My 10 Best Bird Watching Spots in Arkansas You Should Try

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Arkansas is a south-central state that is landlocked. It is an important site for birds and has a range of habitats available. I wrote this blog to help you learn the best birding spots in Arkansas so you can plan a successful bird watching trip to the state. 

The best bird watching spots in Arkansas include those with a diversity of habitats such as Bald Knob National Wildlife Refuge and Holla Bend National Wildlife Refuge. Other good spots include the Pine-Bluestem Road Tour, Lake Dardenalle, and Millwood Lake.

Table giving the most interesting birds you can see at each of my top 10 birding spots in Arkansas:

Holla Bend National Wildlife RefugeBell’s Vireo and Kentucky Warbler
Petit Jean State Park and Mount Magazine State ParkGreater Roadrunner and Yellow-throated Vireo
Millwood LakeAmerican White Pelican and Bald Eagle
Pine-Bluestem Buffalo Road TourRed-cockaded Woodpecker and Bachman’s Sparrow
Lake Dardenalle State Park and ReservoirRing-billed Gull and Lesser Scaup
Bald Knob National Wildlife RefugeCinnamon Teal and Fulvous Whistling Duck
Lake Fayetteville and Woolsey Wet Prairie SanctuaryLeast Bittern and Surf Scoter
Wapanocca National Wildlife RefugeWood Duck and Red-headed Woodpecker.
Charlie Craig State Fish HatcheryWilson’s Plover and Hudsonian Godwit
Frog Bayou National Wildlife Management AreaBlack-bellied Whistling Duck and White Ibis
Best Places to Bird Watch in Arkansas

Read further to learn more about the best bird watching places you should plan a trip to in Arkansas. 

Best Bird Watching Spots in Arkansas
Best Bird Watching Spots in Arkansas

TIP: If you want to check out the best pair of binoculars for bird watching, we recommend a pair of waterproof and fog-proof 8 x 42 binoculars like the Celestron – Outland X 8×42 Binoculars (Amazon link).

Best Places to Bird Watch in Arkansas

There are a range of habitats in Arkansas, including mountains, forests, lowlands, and wetlands, surrounding the Mississippi River.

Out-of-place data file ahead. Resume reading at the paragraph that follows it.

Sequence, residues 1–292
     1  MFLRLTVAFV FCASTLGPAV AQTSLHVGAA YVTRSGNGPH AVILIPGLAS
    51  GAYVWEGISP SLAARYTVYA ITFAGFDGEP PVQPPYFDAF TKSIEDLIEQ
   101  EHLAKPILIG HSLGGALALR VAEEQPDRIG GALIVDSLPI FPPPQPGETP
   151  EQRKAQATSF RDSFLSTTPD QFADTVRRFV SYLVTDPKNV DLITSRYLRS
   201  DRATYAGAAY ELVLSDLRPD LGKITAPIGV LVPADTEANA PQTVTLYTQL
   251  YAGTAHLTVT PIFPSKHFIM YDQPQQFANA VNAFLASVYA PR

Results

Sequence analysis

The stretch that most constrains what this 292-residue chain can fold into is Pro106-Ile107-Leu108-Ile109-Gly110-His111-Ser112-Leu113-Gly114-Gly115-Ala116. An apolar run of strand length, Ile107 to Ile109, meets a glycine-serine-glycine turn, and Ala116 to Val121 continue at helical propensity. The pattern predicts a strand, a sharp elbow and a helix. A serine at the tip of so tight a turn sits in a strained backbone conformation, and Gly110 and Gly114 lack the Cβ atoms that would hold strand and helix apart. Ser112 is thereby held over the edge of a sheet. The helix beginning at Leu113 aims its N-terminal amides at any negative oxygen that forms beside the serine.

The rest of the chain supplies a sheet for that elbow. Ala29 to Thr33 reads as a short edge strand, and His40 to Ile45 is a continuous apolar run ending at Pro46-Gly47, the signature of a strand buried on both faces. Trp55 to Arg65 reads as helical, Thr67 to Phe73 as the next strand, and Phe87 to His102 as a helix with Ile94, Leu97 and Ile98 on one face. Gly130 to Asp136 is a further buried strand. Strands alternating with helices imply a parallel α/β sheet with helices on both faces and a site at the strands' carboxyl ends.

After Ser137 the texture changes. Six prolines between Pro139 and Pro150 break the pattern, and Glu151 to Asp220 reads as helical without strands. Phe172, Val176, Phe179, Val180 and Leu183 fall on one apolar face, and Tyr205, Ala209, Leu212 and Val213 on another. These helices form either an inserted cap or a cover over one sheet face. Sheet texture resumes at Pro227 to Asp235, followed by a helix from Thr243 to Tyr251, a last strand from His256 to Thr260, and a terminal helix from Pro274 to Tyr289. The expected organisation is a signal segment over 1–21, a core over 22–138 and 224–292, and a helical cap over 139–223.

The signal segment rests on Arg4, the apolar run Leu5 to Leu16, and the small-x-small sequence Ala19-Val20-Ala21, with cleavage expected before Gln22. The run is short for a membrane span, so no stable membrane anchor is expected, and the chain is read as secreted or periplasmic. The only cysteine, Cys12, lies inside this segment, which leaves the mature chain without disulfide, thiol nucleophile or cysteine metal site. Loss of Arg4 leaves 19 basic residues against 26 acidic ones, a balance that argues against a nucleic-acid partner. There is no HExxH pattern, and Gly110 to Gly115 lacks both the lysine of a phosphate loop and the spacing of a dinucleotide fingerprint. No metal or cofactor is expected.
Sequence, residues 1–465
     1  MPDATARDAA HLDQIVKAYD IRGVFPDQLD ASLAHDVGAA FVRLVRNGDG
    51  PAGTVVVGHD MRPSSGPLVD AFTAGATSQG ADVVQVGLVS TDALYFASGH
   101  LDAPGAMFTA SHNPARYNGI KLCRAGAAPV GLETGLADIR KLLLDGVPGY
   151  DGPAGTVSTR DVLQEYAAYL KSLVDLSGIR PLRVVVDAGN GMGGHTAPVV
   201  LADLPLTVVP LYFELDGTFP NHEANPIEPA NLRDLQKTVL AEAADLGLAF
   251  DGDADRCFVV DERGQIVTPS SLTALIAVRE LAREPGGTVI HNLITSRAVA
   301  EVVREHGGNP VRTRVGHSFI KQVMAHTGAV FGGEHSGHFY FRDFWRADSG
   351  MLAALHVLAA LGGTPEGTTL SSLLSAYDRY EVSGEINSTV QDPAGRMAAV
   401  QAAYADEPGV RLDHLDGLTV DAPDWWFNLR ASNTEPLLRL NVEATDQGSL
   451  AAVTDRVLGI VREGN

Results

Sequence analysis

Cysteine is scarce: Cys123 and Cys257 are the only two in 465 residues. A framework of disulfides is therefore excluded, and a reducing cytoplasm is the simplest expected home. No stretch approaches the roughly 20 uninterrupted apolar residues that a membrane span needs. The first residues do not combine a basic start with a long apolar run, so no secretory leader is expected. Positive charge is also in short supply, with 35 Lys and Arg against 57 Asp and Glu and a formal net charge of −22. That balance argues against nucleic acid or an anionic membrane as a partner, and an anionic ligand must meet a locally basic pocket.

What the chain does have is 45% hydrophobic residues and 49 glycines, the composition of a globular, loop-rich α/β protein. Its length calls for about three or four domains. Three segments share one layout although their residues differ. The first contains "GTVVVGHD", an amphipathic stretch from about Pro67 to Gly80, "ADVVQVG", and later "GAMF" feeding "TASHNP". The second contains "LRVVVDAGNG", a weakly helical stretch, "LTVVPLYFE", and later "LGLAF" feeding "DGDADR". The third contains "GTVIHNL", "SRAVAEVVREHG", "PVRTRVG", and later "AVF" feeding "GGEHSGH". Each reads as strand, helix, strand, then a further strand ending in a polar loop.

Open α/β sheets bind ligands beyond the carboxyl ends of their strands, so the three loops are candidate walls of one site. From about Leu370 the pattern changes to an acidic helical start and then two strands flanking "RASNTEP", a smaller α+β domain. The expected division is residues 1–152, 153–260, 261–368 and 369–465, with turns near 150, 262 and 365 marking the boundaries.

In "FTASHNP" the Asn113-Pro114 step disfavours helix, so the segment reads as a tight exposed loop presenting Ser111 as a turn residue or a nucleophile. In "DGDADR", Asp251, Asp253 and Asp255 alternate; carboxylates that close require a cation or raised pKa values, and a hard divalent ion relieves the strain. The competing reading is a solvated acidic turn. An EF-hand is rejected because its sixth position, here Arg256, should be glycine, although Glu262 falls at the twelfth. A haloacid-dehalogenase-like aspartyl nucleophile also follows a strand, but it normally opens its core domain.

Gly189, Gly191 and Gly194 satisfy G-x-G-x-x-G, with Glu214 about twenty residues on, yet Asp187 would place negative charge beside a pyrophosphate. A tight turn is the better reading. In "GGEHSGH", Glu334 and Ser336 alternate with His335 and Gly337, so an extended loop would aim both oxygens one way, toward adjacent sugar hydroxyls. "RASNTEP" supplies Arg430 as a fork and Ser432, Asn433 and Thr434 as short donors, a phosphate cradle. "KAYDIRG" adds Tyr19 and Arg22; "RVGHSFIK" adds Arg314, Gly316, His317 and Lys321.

1. Holla Bend National Wildlife Refuge

Holla Bend National Wildlife Refuge is situated along the Arkansas River. There are wetlands, grasslands, fields, and woodlands in the refuge, which attract a variety of birds including waterfowl and passerines.

There are hiking trails you can walk on while scanning the surrounding area for birds. At least 270 species of birds have been recorded in this refuge. Songbird migration is a highlight during spring, when you can expect to encounter several species of warblers and other songbirds.

Such specialties as Bell’s Vireos, Kentucky Warblers, and Painted Buntings can be seen in the refuge. Winter is also a great time to visit Holla Bend because you are likely to see:

  • Trumpeter Swans,
  • Canada Geese,
  • and other waterfowl species. 

Both Short-eared and Long-eared Owls have been spotted before in the refuge. The Long-eared Owls occur in the cedar trees, while you can look for the Short-eared Owls in the grassland. These are two species seen here during the wintertime.

2. Petit Jean State Park and Mount Magazine State Park

These parks are both situated along the Arkansas River. There are several trails you can take in Petit Jean State Park, and it is scenically breathtaking as it has gorges and waterfalls. This park is 3,471 acres in size and is where you can spot Greater Roadrunners and Brown-throated Nuthatches.

It is also a good place to watch for warblers, vireos, and tanagers, which move through the state during Spring migration each year. Mount Magazine State Park is also good for spring migrants.

Species of birds you can likely see during spring at Mount Magazine include:

  • Ovenbirds,
  • Wood Thrushes,
  • Hooded Warblers,
  • Yellow-throated Vireos,
  • and Scarlet Tanagers.